In the past, widespread political support for genocide has been suggested as a basis for personal costs and benefits. Brustein (1996) argued that during the 1930s many German citizens joined the Nazi party because they envisaged Nazi party membership as
a ticket to employment or career advancement in a future National Socialist Germany. In late 1930, the party used membership as an inducement to attract civil servants, by hinting that in a Nazi state civil service jobs would go only to registered Nazi Party members. (P. 163)
Similarly, it is now suggested that hate crimes offer an emotional benefit. On the basis of police arrest records, Levin and McDevitt (2002) developed a typology of hate crime motivations that suggests the majority of hate crimes are committed for the thrill by groups of teenagers or young adults. Selecting victims who are generally different in terms of race, religion, sexual orientation, or disability status, youthful perpetrators gain “bragging rights” among their peers and achieve a sense of superiority over their victims. Many other hate crime offenders have a more practical objective: Their attack is defensive in that they encourage “intruders” to move out of the neighborhood, workplace, or dormitory. Finally, a few hate crime offenders are on a mission—the intent is to eliminate members of another group from their community, their country, or the world. These mission offenders usually make a career of hatemongering, a condition that is often enhanced by membership in hate groups.
Major Research Areas
Much of the recent sociological research into the causes and consequences of violence has concentrated on institutions such as the school and the family. As concern about school shootings and family abuse has found its way into popular culture and politics, sociologists have increasingly turned their attention to these areas. Also, because of a soaring rate of youth violence documented during the 1980s and 1990s, criminologists have sought to understand and counteract the sources of such youthful crime. Finally, the interest of sociologists in issues of war and peace, and terrorism increased substantially after the terrorist attacks on September 11, 2001.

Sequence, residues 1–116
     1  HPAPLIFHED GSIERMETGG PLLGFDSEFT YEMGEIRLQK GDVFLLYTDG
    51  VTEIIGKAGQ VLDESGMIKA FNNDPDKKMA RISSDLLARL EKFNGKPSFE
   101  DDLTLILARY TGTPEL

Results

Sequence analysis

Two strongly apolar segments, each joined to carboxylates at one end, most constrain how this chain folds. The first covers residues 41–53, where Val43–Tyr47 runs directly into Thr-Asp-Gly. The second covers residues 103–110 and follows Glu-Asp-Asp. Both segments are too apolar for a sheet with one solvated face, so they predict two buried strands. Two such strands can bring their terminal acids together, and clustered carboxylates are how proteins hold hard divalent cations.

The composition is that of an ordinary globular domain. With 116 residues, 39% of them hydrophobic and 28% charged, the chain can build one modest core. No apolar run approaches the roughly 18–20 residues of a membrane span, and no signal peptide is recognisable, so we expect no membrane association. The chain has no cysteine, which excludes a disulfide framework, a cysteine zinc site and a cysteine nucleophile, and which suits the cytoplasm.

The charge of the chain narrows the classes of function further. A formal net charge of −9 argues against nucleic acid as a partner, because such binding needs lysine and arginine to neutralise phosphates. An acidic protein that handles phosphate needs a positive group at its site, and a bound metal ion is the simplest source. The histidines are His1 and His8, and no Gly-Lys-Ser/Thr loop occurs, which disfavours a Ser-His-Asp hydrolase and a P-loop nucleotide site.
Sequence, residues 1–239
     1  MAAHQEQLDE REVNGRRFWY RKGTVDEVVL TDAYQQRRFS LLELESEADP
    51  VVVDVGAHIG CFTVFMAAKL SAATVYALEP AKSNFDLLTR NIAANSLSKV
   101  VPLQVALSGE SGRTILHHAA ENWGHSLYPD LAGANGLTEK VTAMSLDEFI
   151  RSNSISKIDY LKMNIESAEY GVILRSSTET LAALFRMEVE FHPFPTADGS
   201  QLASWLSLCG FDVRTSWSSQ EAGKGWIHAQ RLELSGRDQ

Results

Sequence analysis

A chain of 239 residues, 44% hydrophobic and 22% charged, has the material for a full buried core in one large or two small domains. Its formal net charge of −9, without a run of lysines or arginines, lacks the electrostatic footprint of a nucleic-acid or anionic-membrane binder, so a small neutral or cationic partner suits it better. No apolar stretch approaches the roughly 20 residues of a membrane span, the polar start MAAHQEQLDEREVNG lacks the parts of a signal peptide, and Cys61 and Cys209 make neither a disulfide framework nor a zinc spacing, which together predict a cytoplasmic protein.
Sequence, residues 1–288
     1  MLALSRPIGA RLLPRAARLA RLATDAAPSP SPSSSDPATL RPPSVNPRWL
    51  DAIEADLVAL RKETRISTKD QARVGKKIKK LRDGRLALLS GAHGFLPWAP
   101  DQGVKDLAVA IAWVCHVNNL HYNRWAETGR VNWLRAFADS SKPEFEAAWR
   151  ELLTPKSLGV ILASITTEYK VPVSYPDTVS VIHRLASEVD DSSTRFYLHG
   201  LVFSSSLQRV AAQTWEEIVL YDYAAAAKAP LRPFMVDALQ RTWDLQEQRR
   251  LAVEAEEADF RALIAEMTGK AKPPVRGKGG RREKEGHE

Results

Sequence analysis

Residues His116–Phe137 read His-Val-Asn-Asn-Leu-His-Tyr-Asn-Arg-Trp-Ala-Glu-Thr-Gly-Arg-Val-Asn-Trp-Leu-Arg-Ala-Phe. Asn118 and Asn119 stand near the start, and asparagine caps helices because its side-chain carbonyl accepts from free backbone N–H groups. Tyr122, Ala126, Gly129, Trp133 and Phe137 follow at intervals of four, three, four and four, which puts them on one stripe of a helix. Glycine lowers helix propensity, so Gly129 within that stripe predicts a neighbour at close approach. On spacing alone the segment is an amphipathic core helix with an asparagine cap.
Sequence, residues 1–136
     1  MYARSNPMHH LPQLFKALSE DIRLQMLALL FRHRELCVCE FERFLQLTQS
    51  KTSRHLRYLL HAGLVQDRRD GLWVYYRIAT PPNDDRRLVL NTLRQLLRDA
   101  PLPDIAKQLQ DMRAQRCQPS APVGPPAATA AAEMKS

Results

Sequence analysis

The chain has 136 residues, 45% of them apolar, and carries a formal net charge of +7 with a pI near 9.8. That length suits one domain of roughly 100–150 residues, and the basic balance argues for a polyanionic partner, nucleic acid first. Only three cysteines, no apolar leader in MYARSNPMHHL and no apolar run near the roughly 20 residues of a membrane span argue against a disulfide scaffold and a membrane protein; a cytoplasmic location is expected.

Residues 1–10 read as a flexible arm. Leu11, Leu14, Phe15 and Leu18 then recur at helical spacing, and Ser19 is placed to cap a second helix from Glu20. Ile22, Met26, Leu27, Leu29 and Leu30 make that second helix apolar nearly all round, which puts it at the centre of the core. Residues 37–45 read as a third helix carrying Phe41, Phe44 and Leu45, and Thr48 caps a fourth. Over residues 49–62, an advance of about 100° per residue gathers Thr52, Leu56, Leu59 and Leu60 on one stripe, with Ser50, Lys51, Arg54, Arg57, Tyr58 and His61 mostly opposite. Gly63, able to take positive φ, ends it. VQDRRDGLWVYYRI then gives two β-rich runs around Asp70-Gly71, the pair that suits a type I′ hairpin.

From 1986 through 1992, there was a dramatic increase in the number of murders committed by teenaged boys. Then, beginning in 1993, the rate of teen homicide plummeted. In Boston, for example, there were 39 homicides committed by teenagers in 1990; by 1998, teenagers were responsible for only three murders.
The reduction in violent teenage crime has been explained by such factors as a declining use of crack cocaine, zero-tolerance policing, and effective gun control (see Blumstein and Wallman 2000). According to a U.S. Department of Education report (Sinclair et al. 1998), during the 1996 to 1997 school year, the first in which such statistics were compiled, there were 6,093 expulsions for firearm violations in schools across the country. To counter this kind of experience, schools have become actively involved in the center of effective community efforts to reduce teen violence. High school principals adopted a zero-tolerance policy regarding students who carry firearms to school. In addition, by means of conflictresolution programs built into the curriculum, many schools began teaching students to have empathy for victims, to control one’s anger, and to manage impulsive behavior. Finally, through athletics and other extracurricular programs, schools are increasingly providing adult supervision, guidance, and control.
Moreover, in communities where a substantial decrease in violent juvenile crime is observed, residents have become active in reestablishing a sense of community, recognizing they can make a difference in the lives of local youths. At the grassroots level, parents, teachers, psychologists, religious and business leaders, social workers, college students, and police officials worked together to take the glamour out of destructive behavior and to provide constructive activities for after-school hours. Through myriad new programs, adults provide inner-city teenagers supervision, structure, guidance, and some hope for the future (Levin 1999).
However, other problems such as bullying persist. Although long considered nothing more serious than a youthful rite of passage, bullying has recently been recognized as one of the most disturbing crimes among students. The National Association of School Psychologists estimates that 60,000 children miss school each day because they fear being bullied. Kaufman et al. (1999) report that bullying peaks in the sixth grade and is four times more likely to occur in the sixth grade than in the twelfth grade.
Bullying not only hurts its victims but also risks injuring perpetrators when victims retaliate. Painter (1999) points out that many bullying victims bring guns to school for the purpose of protecting themselves or getting even. Moreover, Fagan and Wilkinson (1998) suggest that “bullying is a precursor to stable antisocial and aggressive behavior that may endure into later adolescence and adulthood” (p. 74). The two youngsters who in April, 1999, massacred 12 students and a teacher at Columbine High School in Littleton, Colorado, had endured years of taunting and bullying prior to their rampage. Consequently, there are now more studies investigating how and why students bully and how their targets respond.